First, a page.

All the might have beens

Growing up, I heard more than once about my mother’s writing teacher in her freshman year of college, the one who wrote “Stick to prose” on her first set of poems, the one who made her give up on writing for ten years. Since my mother went on to become a poet whose work was widely anthologized and translated into multiple languages, the lesson was always clear: no matter what authority a professor may seem to wield, they don’t get to tell you whether or not you can be a writer.

So when I encountered my own classroom demon in my freshman year, I didn’t let him phase me. The class rule was that he would choose which stories to read aloud for critique, and although I was one of the few students who submitted every week (and always offered constructive criticism to other students), he hated science fiction and fantasy so much that he went through the rest of the class roster twice, going on three times, before he grudgingly read one of mine or of Susan’s, the only other speculative fiction writer in the class. At the end of the year, he held a party at his house and invited all his other students, but left the two of us off the list. And since he was the main fiction professor at the school, I┬áhad no choice but to take him again the following year.

He didn’t stop me from writing. I knew better than that. But he stopped me from believing that I could trust writing teachers to see past their disgust at the genre I wrote in to actually read my work or teach something of value. He was the reason I decided to go it alone, not majoring in English, avoiding MFA programs for years, just writing and submitting my work with no feedback from more experienced mentors. Avoiding teachers who might be like him has made my path a lot slower, harder, and lonelier than it needed to be.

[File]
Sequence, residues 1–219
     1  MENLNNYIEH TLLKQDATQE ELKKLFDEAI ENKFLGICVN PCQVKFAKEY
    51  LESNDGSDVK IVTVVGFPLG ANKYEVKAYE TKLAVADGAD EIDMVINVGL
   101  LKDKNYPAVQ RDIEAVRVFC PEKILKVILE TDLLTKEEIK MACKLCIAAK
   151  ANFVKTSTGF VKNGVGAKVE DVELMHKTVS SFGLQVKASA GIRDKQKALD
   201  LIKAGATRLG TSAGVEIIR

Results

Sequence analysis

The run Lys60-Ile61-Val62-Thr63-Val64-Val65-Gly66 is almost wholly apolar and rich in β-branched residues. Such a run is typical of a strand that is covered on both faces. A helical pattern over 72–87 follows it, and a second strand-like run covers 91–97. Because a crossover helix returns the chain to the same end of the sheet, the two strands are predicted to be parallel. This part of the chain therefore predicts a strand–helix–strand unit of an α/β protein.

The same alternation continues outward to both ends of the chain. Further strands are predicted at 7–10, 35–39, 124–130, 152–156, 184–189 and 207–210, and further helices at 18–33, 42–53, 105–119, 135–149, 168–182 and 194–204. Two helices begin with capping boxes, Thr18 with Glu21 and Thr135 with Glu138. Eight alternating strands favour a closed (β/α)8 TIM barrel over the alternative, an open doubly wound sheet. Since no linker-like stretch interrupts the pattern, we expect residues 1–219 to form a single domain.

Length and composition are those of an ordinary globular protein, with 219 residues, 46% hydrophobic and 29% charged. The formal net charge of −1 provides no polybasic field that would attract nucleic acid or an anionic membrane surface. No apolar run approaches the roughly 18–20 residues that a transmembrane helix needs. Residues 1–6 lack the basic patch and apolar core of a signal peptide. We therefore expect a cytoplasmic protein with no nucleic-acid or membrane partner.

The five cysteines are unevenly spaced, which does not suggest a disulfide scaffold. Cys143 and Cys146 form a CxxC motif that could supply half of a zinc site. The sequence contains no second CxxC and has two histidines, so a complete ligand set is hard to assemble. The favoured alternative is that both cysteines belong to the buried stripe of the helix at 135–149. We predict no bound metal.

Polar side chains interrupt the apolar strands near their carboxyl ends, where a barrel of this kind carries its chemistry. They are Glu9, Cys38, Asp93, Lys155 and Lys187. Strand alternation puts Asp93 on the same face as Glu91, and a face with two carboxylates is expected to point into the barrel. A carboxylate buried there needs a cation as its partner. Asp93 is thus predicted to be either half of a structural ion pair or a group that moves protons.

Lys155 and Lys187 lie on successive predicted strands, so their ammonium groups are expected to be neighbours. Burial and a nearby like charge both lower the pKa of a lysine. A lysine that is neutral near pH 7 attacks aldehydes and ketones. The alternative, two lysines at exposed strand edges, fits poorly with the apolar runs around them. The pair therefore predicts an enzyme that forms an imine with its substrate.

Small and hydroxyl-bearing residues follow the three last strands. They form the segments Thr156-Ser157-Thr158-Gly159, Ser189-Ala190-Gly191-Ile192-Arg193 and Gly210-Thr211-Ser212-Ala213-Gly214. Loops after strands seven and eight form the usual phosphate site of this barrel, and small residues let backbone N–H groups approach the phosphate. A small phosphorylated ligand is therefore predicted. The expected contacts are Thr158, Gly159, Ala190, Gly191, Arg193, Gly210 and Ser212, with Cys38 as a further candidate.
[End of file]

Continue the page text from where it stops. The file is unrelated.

He died this week, in his late eighties. Calculating based on his obituaries, he completely stopped writing fiction when he got tenure, thirty years before he met me, fifty years before he died. I can’t help thinking how sad that sounds. Did he secretly hate writing? Was he blocked but felt like teaching was the only way to pay the bills? Did he feel like a fraud, or just divorced from his life? Was he taking out his insecurities on his students?

I don’t really know how to feel about his death. I hope, for his sake, that he had students who liked him, who will mourn him. But the best thing I can say about him is he taught me how not to teach.

Writing tally experiment

For the first quarter of 2017, I had a lot going on personally: recovering from surgery, catching up with missed work, and helping a friend care for her preemie twins, to name a few. So when I had a minute to read, I tended to grab whatever was interesting and close at hand. And that made me wonder: after more than two years of this experiment with changing my reading habits, has anything changed? Do I read more diversely when I’m left to my own devices, or is this still something I need to put conscious effort into doing?

The results surprised me. On the one hand, I’ve read twelve books by women, two by men, and one collaboration, which means 80% of my reading has been works by women. That’s unprecedented for me. On the other hand, 87% of my reading has been by authors who are both straight and white, which is right on par with my stats before I started this experiment two years ago. No change whatsoever.

Granted, I’m in the middle of two books by black authors right now, and eagerly awaiting two books by lesbian writers. In the last couple of years of trying new things, I’ve added several non-white, non-straight authors to the list of authors whose release dates I program into my phone so I can read their work as soon as it’s out. But that’s just a small percentage of the books I encounter every year, and the selection at the bookstore and on online review sites still slants heavily straight and white. Clearly, there’s more work to be done.